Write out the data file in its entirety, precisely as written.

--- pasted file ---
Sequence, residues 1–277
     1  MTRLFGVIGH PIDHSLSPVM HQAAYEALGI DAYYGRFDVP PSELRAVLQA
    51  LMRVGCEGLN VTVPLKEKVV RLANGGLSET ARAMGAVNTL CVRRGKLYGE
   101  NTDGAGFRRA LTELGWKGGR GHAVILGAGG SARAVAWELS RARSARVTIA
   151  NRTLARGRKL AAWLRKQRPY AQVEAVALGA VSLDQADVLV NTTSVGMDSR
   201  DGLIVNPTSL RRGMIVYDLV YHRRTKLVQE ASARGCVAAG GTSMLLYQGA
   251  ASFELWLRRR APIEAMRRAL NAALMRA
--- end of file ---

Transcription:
Sequence, residues 1–277
     1  MTRLFGVIGH PIDHSLSPVM HQAAYEALGI DAYYGRFDVP PSELRAVLQA
    51  LMRVGCEGLN VTVPLKEKVV RLANGGLSET ARAMGAVNTL CVRRGKLYGE
   101  NTDGAGFRRA LTELGWKGGR GHAVILGAGG SARAVAWELS RARSARVTIA
   151  NRTLARGRKL AAWLRKQRPY AQVEAVALGA VSLDQADVLV NTTSVGMDSR
   201  DGLIVNPTSL RRGMIVYDLV YHRRTKLVQE ASARGCVAAG GTSMLLYQGA
   251  ASFELWLRRR APIEAMRRAL NAALMRA